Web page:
Affordability for housing association tenants. A key issue for British social housing policy

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Kearns, A. (1992)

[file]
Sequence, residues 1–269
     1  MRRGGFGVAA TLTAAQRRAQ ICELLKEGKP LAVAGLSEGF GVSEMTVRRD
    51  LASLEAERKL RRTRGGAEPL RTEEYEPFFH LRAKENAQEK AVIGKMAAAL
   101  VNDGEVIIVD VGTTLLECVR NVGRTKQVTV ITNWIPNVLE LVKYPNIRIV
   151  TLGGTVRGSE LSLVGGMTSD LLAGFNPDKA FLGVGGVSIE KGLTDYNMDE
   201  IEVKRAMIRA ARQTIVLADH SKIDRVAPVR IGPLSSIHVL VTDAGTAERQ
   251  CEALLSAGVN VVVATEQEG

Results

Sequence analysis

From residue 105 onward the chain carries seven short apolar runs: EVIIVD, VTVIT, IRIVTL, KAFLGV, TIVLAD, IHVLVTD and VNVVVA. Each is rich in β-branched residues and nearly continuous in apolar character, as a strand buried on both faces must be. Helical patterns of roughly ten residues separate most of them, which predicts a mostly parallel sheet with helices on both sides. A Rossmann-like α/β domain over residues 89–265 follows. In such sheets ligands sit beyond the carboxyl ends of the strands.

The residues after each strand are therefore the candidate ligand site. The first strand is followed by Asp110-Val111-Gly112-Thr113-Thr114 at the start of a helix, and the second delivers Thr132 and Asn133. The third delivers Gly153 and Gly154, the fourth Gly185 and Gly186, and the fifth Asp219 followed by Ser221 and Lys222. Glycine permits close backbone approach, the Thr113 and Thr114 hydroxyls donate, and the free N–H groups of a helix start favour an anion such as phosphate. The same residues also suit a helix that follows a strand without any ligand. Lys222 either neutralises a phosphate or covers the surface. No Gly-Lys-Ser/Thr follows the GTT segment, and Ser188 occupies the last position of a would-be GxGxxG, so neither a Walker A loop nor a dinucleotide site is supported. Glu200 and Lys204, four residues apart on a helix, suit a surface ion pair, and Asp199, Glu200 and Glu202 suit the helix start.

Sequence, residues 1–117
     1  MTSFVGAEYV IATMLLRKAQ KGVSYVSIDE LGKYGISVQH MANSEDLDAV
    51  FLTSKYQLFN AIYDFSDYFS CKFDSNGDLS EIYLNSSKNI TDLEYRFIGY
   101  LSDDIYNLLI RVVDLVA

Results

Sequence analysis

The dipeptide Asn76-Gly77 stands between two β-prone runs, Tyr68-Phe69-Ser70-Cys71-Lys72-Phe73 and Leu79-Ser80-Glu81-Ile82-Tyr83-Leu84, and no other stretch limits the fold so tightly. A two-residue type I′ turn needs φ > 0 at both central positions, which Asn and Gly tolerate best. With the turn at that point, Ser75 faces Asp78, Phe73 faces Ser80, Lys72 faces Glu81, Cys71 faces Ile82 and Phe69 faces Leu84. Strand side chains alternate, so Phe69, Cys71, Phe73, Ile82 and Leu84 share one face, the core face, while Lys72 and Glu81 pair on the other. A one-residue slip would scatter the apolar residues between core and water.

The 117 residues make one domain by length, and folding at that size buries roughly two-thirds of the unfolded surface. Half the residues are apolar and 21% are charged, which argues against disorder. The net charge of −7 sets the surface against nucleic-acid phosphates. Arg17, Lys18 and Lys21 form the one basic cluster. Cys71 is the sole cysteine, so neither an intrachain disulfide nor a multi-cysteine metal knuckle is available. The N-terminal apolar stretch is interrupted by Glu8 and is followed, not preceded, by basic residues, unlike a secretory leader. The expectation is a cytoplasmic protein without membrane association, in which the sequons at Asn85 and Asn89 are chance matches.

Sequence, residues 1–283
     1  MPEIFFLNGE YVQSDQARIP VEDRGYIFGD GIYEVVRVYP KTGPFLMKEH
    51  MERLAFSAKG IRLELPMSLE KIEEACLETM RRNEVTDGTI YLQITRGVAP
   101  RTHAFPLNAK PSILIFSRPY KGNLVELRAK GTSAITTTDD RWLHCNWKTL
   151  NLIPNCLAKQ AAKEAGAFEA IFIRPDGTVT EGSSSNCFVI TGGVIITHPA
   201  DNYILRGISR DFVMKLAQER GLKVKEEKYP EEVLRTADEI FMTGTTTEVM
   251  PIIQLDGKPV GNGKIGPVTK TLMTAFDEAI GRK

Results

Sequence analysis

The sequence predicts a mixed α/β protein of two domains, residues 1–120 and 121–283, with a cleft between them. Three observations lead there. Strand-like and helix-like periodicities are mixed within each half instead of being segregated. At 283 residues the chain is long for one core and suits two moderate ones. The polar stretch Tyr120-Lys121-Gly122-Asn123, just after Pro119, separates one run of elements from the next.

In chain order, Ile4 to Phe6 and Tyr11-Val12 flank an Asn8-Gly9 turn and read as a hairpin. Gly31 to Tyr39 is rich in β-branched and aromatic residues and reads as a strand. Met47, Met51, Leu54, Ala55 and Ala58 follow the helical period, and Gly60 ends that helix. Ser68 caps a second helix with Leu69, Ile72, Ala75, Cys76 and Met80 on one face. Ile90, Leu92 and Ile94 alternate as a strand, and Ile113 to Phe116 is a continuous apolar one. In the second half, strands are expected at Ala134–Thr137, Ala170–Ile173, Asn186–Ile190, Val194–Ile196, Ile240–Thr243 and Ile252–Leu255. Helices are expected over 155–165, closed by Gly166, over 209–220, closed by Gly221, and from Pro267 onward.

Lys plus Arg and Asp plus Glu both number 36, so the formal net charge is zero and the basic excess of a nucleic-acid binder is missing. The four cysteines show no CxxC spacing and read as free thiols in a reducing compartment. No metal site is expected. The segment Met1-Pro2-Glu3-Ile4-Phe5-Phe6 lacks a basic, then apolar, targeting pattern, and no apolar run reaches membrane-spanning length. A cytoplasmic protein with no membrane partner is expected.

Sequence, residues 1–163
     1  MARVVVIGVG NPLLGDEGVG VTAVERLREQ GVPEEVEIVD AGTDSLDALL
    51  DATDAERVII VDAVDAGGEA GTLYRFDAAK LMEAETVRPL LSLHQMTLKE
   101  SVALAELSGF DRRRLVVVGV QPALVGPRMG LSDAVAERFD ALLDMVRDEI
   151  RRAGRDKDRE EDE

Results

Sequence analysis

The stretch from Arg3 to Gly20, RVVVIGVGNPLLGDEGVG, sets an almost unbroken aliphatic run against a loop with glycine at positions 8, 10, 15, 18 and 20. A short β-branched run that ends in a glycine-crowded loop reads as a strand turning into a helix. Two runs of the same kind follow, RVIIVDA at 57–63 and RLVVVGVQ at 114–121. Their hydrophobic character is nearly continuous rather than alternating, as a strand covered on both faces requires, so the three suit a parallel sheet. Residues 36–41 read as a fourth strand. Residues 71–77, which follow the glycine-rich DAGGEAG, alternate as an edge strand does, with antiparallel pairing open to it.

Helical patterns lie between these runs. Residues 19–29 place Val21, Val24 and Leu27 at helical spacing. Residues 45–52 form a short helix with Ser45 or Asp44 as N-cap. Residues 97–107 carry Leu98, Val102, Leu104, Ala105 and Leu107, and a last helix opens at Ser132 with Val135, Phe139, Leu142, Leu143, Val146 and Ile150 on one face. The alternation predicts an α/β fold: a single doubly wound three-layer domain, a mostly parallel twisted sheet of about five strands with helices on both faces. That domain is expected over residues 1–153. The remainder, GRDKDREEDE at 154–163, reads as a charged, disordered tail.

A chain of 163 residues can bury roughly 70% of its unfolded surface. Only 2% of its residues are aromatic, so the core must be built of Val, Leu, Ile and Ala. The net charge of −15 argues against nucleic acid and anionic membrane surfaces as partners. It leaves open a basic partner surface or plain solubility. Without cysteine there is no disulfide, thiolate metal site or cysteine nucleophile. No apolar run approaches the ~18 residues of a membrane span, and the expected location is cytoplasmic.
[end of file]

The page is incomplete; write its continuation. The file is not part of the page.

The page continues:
As a result of changes to the financial regime for housing associations, affordability has become a major issue of debate in social rented housing in Britain. This paper assesses the implications of trying to construct a finance system for housing associations based on a regime of ‘affordable rents’ and the ‘safety net’ of Housing Benefits but with the state declining to define the central concept of affordability. Using examples of a number of Western countries, and empirical evidence from the sector in Scotland, the present position is criticised, and a route out of the policy vacuum is suggested. This is founded on the premise that housing is a means rather than an end, within a broader social policy. Given the political constraints, one solution lies in studies of the expenditure patterns and standards of living of different groups of housing association tenants, and in the creation of a sector-specific organisational subsidy to be available in addition to the usual producer- and consumer-subsidies.
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